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Pomegranates: Symbols of Good Health

by Berkeley Wellness

The pomegranate has appeared throughout history as a symbol of fertility, royalty, hope, and abundance. Celebrated in art, mythology, religious texts, and literature, pomegranates appear on floor mosaics in Pompeii, in Egyptian papyrii, and in the Old Testament under the name of rimmon. In fact, it is rumored that the pomegranate may be the fruit that led to Adam and Eve’s expulsion from the Garden of Eden.

In Greek mythology, the pomegranate was a symbol of procreation and abundance, perhaps because the average pomegranate has about 800 seeds. And according to Greek mythology, the reason we have winter is because Demeter, the goddess of the harvest, goes into mourning once a year when her daughter Persephone returns to live in the underworld due to a life sentence imposed on her because she ate seven pomegranate seeds.

About the size of a large orange or apple, the pomegranate has a tough, dark red or brownish-red rind. Encased within a white, spongy, inedible membrane are the seeds. And surrounding the seeds is the pomegranate’s juicy, translucent scarlet-red flesh. Pomegranate seeds take time and care to get to, but it is well worth the effort.

Types of Pomegranate

In addition to whole pomegranates, pomegranate products include juices, molasses, and grenadine.

Pomegranates: nutrition

The sweet edible flesh around pomegranate seeds provides vitamin B6, vitamin C, and lots of potassium. Pomegranate juice also provides these nutrients.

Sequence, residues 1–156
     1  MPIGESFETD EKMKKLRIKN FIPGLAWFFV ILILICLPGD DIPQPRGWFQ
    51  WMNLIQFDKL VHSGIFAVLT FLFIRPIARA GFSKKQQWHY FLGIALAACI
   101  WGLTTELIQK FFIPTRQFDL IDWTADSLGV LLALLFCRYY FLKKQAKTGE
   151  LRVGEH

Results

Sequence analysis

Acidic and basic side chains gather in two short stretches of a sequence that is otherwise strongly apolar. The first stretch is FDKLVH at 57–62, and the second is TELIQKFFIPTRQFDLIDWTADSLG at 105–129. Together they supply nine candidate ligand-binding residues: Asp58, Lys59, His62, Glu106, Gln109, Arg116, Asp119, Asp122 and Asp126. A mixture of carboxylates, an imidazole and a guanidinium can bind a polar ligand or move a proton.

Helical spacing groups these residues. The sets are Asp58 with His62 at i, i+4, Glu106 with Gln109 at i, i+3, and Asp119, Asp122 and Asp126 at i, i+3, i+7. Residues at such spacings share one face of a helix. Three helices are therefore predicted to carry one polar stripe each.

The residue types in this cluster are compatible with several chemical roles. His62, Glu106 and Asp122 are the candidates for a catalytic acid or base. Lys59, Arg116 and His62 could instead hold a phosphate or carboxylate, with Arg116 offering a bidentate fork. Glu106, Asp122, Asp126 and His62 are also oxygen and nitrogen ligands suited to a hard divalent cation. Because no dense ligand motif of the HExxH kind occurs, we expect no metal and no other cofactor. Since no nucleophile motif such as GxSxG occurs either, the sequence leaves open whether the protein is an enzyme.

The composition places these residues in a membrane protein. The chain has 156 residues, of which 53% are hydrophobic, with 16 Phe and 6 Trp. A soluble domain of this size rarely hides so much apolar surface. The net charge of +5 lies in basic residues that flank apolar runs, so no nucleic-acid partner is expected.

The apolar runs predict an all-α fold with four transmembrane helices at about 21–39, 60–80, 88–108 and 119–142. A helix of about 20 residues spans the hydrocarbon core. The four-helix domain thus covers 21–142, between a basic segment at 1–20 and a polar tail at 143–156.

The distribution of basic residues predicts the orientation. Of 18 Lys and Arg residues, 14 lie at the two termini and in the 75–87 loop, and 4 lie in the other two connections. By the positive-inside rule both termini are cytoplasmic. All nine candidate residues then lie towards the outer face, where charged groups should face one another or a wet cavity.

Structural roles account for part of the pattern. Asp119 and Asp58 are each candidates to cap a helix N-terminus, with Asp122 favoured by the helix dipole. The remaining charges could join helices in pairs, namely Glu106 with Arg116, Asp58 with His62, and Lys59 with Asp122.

Pomegranate juice is a concentrated source of phytochemicals and may have two to three times the antioxidant power of equal quantities of green tea or red wine. Two antioxidant phytochemicals found in pomegranates are catechins and anthocyanins (the pigments that lend pomegranates their crimson color). Ellagic acid, plentiful in pomegranates, is under review for its potential to fight off carcinogenic agents.

For a full listing of nutrients, see Pomegranates in the National Nutrient Database.

How to choose the best pomegranates

Domestic pomegranates are best from September through the beginning of January, with their peak in late October through November.

As the seeds represent about 52 percent of the weight of the whole fruit, pick up the fruit to feel its weight. If it feels light for its size, select a heavier one. The skin should appear shiny, taut and thin, without cracks or splits.

How to store pomegranates

Pomegranates are one of the more enduring fruits. Stored in a dark, cool place, whole pomegranates will stay edible for up to a month and in the refrigerator for up to two months.

How to Seed and Serve Pomegranates

A guide to the (warning: rather complicated) process of harvesting pomegranate seeds—plus five delicious ways to use them once you do.

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